005: Glenn Gould, Toccata in Cm (J.S. Bach)

Why do I so respect Glenn Gould? Because his playing is willful, extreme, eccentric. Because it’s utterly engaged.

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111: The Byrds (David Crosby), ‘Everybody’s Been Burned’

David Crosby’s best songs with The Byrds employed a psychedelic sensibility – floating, meandering, precious, delicate, shimmering, as unfettered and fragile as a soap bubble wafting in a marijuana cloud above a Tribal Gathering. ‘Everybody’s Been Burned’ is one of his finest. It has the weight of melody and lyric content and meaning and emotion and passion, and yet it still floats.

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073: Erik Satie, ‘Gymnopédie No. 1’

Erik Satie hung out with Debussy, Ravel, Poulenc, Milhaud, Stravinsky, Cocteau, Duchamp, Picasso, Braque, Man Ray, Breton, Diaghilev and Rene Clair, but no one entered his apartment for the last 27 years of his life. After his death, 84 identical handkerchiefs were found in his wardrobe.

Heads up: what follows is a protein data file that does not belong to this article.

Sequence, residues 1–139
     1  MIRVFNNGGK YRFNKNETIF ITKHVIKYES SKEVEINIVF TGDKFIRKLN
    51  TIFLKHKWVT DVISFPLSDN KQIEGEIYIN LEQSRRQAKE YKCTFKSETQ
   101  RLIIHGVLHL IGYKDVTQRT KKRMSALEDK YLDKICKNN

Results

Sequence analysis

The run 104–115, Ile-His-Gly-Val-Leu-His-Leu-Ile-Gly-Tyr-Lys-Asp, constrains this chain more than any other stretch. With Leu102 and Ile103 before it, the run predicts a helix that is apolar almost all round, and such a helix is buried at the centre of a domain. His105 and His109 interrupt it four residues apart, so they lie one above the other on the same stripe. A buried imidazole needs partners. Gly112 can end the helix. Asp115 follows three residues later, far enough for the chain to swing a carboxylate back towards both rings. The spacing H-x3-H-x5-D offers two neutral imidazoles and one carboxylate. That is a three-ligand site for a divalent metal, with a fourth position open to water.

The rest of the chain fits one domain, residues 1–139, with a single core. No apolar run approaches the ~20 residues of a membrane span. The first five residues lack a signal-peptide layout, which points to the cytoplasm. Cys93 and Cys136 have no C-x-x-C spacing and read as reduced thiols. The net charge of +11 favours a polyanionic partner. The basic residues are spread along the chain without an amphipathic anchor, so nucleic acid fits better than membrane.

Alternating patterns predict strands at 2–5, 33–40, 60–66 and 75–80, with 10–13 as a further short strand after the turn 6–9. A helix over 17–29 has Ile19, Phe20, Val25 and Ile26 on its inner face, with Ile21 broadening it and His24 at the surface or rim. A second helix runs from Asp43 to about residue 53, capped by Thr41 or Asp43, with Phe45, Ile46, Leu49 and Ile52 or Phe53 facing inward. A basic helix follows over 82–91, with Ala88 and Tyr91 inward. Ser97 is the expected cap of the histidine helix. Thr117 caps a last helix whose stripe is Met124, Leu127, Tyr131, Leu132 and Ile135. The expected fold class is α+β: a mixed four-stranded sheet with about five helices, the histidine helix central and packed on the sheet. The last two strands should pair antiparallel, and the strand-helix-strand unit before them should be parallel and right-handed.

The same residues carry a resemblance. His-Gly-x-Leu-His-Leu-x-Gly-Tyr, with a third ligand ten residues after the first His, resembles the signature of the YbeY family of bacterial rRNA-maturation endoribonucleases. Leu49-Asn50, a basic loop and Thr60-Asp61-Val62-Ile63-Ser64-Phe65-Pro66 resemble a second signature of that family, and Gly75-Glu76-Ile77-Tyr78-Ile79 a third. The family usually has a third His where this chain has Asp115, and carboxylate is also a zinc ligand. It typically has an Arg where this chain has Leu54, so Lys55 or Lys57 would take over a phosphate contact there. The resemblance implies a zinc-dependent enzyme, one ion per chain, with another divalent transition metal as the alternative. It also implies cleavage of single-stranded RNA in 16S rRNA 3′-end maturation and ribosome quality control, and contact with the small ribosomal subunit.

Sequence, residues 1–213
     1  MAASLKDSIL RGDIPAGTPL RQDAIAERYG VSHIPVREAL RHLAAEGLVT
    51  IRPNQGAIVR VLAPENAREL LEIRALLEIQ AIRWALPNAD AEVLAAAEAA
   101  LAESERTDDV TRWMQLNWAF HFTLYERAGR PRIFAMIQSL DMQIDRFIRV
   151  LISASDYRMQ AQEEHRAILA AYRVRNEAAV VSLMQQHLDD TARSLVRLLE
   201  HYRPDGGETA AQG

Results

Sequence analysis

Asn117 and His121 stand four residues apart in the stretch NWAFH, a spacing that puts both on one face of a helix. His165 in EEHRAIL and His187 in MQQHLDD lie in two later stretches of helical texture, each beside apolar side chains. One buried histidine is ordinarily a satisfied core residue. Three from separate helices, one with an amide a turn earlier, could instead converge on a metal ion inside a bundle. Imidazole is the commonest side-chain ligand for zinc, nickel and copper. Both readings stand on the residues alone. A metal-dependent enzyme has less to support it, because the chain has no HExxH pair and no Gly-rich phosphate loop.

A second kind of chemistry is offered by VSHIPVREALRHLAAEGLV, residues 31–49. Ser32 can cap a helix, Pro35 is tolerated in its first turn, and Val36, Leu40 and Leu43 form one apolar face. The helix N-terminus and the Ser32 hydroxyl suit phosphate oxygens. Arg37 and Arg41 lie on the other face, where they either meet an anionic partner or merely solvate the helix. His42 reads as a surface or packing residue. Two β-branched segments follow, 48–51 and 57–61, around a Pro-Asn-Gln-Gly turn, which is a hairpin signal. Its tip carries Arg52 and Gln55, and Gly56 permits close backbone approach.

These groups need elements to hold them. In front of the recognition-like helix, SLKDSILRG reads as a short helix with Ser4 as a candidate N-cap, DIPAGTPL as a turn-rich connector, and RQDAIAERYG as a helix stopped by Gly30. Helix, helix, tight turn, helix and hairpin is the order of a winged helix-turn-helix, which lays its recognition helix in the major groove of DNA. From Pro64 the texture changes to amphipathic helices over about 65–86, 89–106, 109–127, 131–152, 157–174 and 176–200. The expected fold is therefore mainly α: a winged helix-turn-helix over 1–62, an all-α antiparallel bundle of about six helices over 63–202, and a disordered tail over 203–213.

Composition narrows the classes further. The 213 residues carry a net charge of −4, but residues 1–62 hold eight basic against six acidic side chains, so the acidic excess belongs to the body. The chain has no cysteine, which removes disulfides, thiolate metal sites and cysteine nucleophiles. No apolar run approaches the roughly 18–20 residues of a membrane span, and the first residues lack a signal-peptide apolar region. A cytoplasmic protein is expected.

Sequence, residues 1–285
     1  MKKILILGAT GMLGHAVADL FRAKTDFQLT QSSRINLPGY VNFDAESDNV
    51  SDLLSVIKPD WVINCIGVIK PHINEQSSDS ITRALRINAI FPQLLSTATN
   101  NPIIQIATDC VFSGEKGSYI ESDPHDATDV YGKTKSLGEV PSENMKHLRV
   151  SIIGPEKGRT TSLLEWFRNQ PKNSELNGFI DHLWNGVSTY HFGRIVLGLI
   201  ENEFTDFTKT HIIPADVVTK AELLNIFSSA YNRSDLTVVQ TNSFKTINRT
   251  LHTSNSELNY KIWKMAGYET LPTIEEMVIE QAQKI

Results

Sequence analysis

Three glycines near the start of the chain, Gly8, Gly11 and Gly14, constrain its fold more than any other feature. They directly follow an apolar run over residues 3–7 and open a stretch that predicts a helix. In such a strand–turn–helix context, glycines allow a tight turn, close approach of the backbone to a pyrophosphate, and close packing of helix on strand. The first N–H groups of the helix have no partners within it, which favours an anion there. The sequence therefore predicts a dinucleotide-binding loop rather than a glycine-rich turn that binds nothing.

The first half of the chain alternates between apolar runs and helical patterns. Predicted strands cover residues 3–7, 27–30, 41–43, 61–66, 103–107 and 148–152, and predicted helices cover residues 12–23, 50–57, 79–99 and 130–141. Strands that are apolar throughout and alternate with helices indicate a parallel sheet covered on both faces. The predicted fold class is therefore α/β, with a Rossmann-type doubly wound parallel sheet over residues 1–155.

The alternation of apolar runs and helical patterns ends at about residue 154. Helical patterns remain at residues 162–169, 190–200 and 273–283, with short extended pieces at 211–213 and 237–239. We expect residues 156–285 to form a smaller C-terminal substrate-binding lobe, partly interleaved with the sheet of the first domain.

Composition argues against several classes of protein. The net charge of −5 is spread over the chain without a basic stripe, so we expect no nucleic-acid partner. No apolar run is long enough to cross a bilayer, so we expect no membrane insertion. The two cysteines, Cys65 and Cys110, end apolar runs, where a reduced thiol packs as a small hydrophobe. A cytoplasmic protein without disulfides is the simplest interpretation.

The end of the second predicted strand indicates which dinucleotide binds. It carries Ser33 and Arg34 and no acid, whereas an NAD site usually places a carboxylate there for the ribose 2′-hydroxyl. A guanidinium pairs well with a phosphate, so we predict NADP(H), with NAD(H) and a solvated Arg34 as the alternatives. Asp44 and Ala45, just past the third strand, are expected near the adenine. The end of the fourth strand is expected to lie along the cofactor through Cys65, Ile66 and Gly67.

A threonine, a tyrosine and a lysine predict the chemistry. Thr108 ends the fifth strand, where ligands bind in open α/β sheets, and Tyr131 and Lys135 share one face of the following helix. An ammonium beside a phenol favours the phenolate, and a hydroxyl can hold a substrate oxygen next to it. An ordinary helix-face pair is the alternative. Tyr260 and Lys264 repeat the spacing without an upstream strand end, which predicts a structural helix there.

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274: Tim Hardin, ‘Reason to Believe’

“The Perfect Song” and some indulgent navel-gazing. Do I choose the music, or has the music formed me? My personal existentiality as reflected a 2-minute paragon of restraint.

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267: Boz Scaggs, ‘Lowdown’ (“Fade Into Light”)

What a singer. What a musician. What a cool guy.

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265: Dion DiMucci, ‘Abraham, Martin and John’

Dion, from doo Wop to Dylanizer.
More swagger than Jagger.

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263: Lovin’ Spoonful (John Sebastian), ‘Summer in the City’

In which John Sebastian confesses how The Spoonful’s urban heat hit was influenced by a pastoral Israeli folk song. I kid ye not. Back o’ my neck gettin’ dirt and gritty.

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262: Bob Dylan, ‘Went to See the Gypsy’ (“Another Self-Portrait”)

In 1970, Dylan was so set on releasing a terrible album that he left out all the good stuff.
Here’s the good stuff.
Welcome to Dylanland.

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